JPMorgan CEO Jamie Dimon’s return to Capitol Hill Tuesday — this time before the House Financial Services Committee — wasn’t nearly as friendly as his visit to the Senate last week.
Defined by a greater sense of populism, and less dependent on big dollar donors for re-election, the House members were by and large much less solicitous of the famed financial executive. Frequently, they left Dimon on the defensive. More frequently their persistent questions — about the propriety of his service on the New York Federal Reserve board, his compensation, and the size of his firm — left Dimon visibly angry or annoyed.
The comparatively aggressive tone of the interrogation provided observers a civics lesson in the differences between the the upper and lower chambers.The proceedings began with a request from Massachusetts Dem Stephen Lynch that Dimon be placed under oath. Chair Spencer Bachus (R-AL) declined, defended Dimon for agreeing to testify voluntarily, and cited the committee’s precedent of not swearing in witnesses.
A handful of members, mostly Republican, handled Dimon gently. But most did not. Ranking member Barney Frank (D-MA) set the tone in early questions, chastising Dimon for dodging and filibustering questions about the need for greater prudential regulation, and whether his compensation will be cut as a result of the company’s recent, controversial trading losses.
Rep. Michael Fitzpatrick (R-PA) pressed Dimon on his appointment to the New York Federal Reserve Board.
“So, the Federal Reserve rules are written by you all,” Dimon responded. “I should tell you that I don’t vote for the president, I don’t get involved in supervisory, I can’t serve in the audit committee. The board basically sits around and talks about the economy…it’s more of an informational advisory group and whatever the lawmakers write would be fine with me.”
Before challenging Dimon on the wisdom and economic benefit of financial shops hedging their investments, Rep. Gary Ackerman (D-NY) quizzed Dimon on the differences between gambling and the current investment environment on Wall Street.
“I used to think that all of Wall Street was on the level, that it facilitated investing, that it allowed people and institutions to put their money into something that they believed in and believed would be helpful and beneficial and grow and make money and especially help the economy and on the side create a lot of jobs and be good for our country and good for America,” Ackerman said. “Now a lot of what we’re doing with this hedging — and you can call it protecting your investment or whatever, but it is basically gambling — you’re just betting that you might have been wrong. It doesn’t help anything succeed anymore, doesn’t encourage anything anymore. It creates the possibility that people say, ‘do these guys really know what they’re doing if they’re now betting against their initial bet and if you go and hedge against your hedge — which means you’re betting against your bet against your first bet — it seems to me you’re throwing darts at a dart board and putting a lot of money at risk just in case you were wrong the first time. I don’t see how that creates one job in America.”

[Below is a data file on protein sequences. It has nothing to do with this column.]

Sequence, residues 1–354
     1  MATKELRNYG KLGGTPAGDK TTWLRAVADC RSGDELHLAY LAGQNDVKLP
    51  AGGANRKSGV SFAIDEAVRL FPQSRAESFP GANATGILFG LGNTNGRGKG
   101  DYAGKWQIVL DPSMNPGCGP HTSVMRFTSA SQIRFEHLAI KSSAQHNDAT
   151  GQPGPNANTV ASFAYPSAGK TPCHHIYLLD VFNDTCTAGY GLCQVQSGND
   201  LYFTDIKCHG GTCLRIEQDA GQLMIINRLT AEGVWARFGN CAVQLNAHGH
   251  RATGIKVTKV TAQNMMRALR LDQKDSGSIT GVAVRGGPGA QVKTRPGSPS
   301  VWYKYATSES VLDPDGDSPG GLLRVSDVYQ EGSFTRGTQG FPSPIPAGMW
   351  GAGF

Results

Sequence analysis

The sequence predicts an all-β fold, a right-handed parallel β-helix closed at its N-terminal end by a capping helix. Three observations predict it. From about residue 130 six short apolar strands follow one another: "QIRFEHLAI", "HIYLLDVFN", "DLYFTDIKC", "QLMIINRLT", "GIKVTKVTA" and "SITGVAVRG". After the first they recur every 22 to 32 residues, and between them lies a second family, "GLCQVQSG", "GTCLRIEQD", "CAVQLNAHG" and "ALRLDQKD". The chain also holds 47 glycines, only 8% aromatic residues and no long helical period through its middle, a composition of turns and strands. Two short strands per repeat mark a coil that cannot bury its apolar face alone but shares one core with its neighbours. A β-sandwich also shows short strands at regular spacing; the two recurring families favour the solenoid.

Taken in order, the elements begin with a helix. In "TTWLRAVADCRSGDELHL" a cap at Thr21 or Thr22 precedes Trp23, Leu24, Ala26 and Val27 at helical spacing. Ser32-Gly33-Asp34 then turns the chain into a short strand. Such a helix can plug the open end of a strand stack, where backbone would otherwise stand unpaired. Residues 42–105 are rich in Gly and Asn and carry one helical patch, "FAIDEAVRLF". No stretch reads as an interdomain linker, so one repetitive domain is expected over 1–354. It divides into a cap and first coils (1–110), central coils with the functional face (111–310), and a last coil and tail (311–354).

“You already said something that is false that we all know is false,” Rep. Brad Sherman (D-CA) insisted. Earlier Dimon had claimed that his firm’s overseas investments were necessary because there weren’t enough investment opportunities in credit-worthy domestic businesses.
“You put forward the idea that there were $350 million that you had given to your chief investment office because there weren’t small and medium-sized businesses in the United States that were credit worthy that wanted the money, and I assure you there isn’t a member of this panel that couldn’t bring you 100 small and medium-sized businesses, credit worthy, in need of loans from you, and instead you took the $350 million to London. That’s why we’re here, because if you made the small and medium-sized business loans, you wouldn’t be here.”
Dimon continued to resist calls for greater restrictions on the trading practices of commercial banks. And the hearing didn’t produce the sort of revelation that’s likely to force regulators to strengthen the famed Volcker Rule. But to a much greater extent than the Senate Banking Committee, it surfaced broad public unhappiness with big financial institutions and the culture that still prevails on Wall Street.
Dimon couldn’t dismiss it altogether.
“I think there might be a problem with some people on Wall Street,” he said.